Are foreign students regularly sexually abused by the hosting American families? America promises to check
By Sonia Joshi
India Daily, August 13, 2005

It is a serious matter and subject of shame for a nation like America. In the wake of several cases of sexual abuse of foreign students staying with local families in the US, the government is proposing new rules to screen host families and regulate agencies that sponsor students.

According to media reports, although foreign students have been coming to the country under the formal exchange programmes for more than half a century, no sponsor has been required to keep figures on sexual abuse or report molestation cases to the government.

The proposed rules were published in the Federal Register, which are likely to go into effect after 30 days of public comment, The Washington Post reported.

Under the proposed rules, all adult members of host families and personnel in sponsoring groups will have to be vetted through the sex offender registry and for criminal history, it said.

Sponsors will have to report any allegation of sexual misconduct to local authorities and the state department. "If they don''t report, we''ll close their programme," the report quoted Stanley Colvin, director of the state department office of exchange coordination as saying.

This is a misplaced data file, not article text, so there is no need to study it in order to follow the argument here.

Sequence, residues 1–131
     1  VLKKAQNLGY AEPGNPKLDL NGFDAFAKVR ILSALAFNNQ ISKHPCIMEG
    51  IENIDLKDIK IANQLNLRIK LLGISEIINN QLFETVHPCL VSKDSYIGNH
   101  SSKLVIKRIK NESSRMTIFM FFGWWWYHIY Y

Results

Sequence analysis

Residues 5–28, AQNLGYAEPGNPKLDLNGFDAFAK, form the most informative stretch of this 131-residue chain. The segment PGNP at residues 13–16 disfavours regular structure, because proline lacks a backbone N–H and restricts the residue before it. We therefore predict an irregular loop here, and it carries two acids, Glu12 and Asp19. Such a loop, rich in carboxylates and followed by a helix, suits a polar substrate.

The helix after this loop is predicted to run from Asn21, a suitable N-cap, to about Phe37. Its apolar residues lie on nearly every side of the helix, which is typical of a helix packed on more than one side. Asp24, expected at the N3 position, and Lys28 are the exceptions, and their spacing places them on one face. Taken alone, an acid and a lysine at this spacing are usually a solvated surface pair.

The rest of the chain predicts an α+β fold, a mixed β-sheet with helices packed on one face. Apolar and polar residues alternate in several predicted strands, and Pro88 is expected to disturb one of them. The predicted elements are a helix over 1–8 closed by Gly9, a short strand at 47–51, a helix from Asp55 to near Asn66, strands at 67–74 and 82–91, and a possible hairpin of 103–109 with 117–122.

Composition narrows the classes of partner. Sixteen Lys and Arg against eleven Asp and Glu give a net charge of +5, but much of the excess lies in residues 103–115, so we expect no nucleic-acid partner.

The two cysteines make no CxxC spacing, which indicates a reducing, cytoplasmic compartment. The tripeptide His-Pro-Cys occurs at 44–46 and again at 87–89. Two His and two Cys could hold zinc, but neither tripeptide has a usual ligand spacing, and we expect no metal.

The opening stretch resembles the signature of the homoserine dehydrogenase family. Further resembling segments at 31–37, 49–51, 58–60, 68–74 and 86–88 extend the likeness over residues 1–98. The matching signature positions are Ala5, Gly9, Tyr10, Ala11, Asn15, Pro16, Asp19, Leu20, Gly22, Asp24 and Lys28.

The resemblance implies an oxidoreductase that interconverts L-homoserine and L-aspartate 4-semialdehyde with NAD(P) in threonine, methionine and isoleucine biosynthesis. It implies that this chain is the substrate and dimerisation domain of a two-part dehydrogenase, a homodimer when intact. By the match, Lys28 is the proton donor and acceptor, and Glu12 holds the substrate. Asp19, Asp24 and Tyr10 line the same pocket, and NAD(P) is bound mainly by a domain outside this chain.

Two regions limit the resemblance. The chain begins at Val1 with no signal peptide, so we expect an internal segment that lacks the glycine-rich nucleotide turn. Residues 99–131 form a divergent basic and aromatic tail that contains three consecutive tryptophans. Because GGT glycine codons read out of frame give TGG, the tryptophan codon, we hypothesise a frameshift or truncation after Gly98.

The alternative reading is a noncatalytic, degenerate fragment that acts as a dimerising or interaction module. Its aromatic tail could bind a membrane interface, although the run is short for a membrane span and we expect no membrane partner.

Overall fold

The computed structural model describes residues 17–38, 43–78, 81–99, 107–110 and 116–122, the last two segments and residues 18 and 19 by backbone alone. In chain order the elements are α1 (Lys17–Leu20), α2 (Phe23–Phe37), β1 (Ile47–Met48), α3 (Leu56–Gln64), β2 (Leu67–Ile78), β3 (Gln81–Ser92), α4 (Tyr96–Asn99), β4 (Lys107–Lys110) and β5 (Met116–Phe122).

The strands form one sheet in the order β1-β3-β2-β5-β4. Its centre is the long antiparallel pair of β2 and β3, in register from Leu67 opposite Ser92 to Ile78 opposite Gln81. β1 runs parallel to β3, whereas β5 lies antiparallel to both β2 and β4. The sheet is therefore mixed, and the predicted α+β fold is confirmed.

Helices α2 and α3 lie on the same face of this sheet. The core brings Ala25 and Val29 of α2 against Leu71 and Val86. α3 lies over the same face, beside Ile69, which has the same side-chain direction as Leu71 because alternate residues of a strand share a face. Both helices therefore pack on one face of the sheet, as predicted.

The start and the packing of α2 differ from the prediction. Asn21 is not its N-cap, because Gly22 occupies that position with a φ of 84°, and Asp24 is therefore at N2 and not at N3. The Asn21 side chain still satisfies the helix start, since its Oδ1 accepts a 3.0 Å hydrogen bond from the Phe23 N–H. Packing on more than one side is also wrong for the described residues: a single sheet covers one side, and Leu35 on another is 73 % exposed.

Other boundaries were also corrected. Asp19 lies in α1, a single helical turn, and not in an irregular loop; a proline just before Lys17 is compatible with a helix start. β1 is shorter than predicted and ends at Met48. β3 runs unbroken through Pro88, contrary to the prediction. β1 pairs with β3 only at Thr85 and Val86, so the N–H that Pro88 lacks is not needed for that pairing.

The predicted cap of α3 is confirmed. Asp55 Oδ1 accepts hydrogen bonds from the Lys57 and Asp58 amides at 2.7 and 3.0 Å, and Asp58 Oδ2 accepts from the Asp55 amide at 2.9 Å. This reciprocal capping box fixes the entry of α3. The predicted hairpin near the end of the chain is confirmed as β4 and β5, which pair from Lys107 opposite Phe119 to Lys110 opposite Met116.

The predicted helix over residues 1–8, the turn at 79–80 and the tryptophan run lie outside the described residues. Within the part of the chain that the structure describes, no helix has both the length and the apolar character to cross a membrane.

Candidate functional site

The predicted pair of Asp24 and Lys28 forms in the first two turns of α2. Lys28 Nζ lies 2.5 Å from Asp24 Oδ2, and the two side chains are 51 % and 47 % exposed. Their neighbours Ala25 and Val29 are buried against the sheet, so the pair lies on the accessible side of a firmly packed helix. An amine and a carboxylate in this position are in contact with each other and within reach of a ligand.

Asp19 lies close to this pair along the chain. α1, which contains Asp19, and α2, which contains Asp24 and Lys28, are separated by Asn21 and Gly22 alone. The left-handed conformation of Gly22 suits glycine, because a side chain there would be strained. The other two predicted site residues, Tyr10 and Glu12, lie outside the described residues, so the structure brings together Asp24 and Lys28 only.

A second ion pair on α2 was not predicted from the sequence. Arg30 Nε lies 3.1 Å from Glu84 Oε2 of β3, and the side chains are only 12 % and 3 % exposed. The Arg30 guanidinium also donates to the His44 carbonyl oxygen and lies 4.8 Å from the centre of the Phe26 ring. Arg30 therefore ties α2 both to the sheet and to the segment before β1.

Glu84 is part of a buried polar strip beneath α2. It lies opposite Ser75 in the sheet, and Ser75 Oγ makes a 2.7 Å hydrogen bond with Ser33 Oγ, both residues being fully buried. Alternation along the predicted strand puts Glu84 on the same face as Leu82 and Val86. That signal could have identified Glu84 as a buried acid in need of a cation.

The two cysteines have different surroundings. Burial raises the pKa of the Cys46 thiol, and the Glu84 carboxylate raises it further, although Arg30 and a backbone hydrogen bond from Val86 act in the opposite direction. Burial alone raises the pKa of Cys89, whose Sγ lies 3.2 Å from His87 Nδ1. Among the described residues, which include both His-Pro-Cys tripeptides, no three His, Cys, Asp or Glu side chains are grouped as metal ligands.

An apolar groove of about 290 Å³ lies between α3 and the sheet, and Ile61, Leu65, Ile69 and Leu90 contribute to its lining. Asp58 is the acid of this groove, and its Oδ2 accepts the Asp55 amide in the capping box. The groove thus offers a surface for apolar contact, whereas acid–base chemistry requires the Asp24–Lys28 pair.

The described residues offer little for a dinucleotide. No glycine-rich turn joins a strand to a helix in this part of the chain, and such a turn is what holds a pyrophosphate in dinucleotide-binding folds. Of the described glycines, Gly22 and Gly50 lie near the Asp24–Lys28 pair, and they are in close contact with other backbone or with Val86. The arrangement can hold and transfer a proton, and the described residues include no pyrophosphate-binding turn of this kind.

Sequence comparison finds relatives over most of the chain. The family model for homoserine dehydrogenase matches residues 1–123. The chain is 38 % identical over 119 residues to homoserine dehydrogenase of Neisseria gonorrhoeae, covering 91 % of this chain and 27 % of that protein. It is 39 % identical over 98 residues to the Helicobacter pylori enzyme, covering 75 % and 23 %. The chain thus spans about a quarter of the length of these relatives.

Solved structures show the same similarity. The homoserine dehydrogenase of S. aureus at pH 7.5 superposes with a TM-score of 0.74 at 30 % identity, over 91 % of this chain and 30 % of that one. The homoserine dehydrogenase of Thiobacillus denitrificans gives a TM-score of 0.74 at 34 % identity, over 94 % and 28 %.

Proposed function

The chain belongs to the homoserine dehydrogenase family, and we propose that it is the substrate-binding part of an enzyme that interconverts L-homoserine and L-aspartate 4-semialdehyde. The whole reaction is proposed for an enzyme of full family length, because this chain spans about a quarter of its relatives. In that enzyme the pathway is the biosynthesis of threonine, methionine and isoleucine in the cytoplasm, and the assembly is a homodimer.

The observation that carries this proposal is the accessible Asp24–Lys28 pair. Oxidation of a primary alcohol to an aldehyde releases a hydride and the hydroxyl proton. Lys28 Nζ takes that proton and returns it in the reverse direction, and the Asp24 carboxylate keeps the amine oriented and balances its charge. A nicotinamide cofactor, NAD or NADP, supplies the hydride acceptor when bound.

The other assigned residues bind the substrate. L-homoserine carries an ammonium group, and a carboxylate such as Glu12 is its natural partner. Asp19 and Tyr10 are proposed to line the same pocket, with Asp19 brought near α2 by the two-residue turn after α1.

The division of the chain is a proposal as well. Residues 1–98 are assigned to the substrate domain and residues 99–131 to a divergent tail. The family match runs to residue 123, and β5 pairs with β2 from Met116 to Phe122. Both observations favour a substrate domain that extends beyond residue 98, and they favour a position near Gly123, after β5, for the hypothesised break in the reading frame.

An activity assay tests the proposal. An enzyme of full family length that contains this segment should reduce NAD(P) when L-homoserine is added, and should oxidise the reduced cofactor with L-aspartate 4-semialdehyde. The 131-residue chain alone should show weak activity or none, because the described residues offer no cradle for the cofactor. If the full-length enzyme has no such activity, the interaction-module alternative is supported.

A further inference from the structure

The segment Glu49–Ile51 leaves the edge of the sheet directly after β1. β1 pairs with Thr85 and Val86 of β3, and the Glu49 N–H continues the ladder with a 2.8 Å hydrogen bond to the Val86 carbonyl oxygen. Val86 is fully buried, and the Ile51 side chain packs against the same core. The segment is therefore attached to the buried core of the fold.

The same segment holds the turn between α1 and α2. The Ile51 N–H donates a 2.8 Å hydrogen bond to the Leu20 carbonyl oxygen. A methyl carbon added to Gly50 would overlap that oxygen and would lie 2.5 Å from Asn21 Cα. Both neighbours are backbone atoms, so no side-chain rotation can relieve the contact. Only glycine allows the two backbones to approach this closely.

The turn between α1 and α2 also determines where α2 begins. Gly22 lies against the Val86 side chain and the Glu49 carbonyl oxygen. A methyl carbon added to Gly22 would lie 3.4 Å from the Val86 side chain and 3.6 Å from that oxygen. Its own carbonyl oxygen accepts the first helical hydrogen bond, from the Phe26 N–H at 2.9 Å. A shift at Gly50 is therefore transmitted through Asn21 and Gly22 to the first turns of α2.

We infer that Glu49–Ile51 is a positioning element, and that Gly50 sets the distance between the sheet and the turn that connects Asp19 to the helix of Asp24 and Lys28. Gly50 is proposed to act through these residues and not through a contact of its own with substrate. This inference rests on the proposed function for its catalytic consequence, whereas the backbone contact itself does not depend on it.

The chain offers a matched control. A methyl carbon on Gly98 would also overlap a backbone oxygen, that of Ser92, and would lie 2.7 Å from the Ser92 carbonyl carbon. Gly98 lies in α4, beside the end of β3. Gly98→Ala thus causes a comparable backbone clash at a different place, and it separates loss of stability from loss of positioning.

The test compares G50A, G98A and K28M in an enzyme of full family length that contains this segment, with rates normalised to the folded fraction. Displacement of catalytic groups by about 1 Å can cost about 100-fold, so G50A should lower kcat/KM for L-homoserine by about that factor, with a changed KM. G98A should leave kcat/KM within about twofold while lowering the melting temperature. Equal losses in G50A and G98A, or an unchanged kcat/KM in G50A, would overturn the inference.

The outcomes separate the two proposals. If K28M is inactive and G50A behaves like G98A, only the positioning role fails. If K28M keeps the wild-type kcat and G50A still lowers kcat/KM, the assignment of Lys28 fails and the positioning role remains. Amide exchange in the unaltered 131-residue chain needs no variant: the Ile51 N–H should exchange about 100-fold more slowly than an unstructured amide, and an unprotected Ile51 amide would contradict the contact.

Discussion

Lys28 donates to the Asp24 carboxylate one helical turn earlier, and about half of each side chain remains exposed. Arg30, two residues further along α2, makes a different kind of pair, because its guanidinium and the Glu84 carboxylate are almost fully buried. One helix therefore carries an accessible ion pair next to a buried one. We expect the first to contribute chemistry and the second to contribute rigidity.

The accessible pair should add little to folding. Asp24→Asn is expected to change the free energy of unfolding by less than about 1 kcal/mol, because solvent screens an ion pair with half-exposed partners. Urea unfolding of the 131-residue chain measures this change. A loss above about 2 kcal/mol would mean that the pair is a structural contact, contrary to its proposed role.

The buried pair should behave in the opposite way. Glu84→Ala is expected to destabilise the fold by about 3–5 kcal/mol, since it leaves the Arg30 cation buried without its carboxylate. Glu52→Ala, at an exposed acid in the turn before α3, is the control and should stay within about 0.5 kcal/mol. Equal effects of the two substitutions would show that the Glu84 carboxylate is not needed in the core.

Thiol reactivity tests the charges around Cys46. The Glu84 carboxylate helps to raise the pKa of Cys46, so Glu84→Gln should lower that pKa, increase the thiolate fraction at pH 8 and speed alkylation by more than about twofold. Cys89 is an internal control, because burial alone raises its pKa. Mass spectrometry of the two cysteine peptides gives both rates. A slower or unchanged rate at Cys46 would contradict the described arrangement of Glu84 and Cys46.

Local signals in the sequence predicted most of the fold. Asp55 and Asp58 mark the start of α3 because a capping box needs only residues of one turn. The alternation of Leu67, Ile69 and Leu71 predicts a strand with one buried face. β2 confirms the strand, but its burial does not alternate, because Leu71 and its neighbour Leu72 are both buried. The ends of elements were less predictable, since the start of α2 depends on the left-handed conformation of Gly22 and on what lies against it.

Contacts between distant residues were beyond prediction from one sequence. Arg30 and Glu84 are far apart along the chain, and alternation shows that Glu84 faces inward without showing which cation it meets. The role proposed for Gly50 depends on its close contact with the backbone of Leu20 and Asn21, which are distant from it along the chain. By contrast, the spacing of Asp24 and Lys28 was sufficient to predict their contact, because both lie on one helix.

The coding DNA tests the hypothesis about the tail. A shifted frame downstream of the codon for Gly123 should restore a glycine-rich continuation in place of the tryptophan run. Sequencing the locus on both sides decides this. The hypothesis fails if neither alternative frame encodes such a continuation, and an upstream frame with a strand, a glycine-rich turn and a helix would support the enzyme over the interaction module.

Foreign students are among the most vulnerable minors because they usually do not know US laws, are unfamiliar with customs, are dependent on host families or sponsors, don''t know what to do when abused or are afraid to act, according to Lt. Frank Baker of the Allegan county sheriff's office, who has been involved in the Michigan case.

In their orientation, all foreign students also will be advised on inappropriate sexual contact and what they can do if anyone makes an abusive overture. "We want to be able to resolve any suggestions that this has been underreported," Colvin added.

Some 28,000 high school exchange students, almost all minors, come to the United States every year.

The state department was of the view that publishing the regulations was worthwhile even if they do not eliminate the problem.

"We have had a lot of interest in this from concerned citizens. We heard their concerns, examined the situation fully and decided that if we can build in one extra bit of protection, it would behoove us to do it," Colvin said.

Concerned parents and others have even formed a committee for safety of foreign exchange students to provide guidance and protection against "a pattern of abuse that is making headlines around the world," the report said.

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